A German court found that the country’s data protection laws don’t apply to Facebook, which is headquarted in Ireland.
Facebook won a battle in a German court earlier today with a data rights group that had argued the company’s real-name registration requirement violated privacy laws. Call it the luck of the Irish.
The court in the northern province Shleswig-Holstein declared that German laws don’t apply to Facebook because its European offices are based in Ireland, where privacy laws are less protective.
The Unabhaengiges Landeszentrum fuer Datenschutz (ULD) data protection agency said in December that Facebook’s real-name registration requirements infringed on the rights of Germans to express themselves freely on the Internet.
“It is unacceptable that a U.S. portal like Facebook violates German data protection law unopposed and with no prospect of an end,” a ULD spokesman said at the time. “The aim of the orders of ULD is to finally bring about a legal clarification of who is responsible for Facebook and to what this company is bound to.”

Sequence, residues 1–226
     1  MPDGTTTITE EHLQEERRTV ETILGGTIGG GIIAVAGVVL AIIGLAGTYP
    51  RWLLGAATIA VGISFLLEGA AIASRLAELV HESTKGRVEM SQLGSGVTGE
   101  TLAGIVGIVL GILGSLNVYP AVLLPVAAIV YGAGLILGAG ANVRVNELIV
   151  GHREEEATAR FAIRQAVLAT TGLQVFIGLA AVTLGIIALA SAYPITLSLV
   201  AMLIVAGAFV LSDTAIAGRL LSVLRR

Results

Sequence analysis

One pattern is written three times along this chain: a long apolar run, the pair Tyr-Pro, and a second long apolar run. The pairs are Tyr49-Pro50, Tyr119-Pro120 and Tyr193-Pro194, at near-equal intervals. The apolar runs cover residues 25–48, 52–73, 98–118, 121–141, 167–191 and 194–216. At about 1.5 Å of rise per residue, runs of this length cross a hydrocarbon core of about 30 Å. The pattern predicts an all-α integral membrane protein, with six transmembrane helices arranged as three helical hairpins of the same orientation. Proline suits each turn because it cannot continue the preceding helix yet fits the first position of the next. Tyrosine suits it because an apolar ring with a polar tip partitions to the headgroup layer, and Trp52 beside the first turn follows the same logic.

Facebook was predictably pleased with the situation. The company said in a statement:
“We hope that our critics will understand that it is the role of individual services to determine their own policies about anonymity within the governing law – for Facebook Ireland European data protection and Irish law.”
Irish law may be slightly more flexible than Germany’s, but Facebook’s aggressive data acquisition projects have still managed to run afoul of privacy advocates there, too.
Earlier this month, Facebook announced it was dropping plans to implement facial recognition software in Europe, after Ireland’s data commissioner found the project violated privacy laws.
The feature is still alive and well in the U.S., though. Facebook reintroduced it for U.S. users Feb. 1, after turning it off for months to make “technical improvements.”
Photo by fdecomite/Flickr
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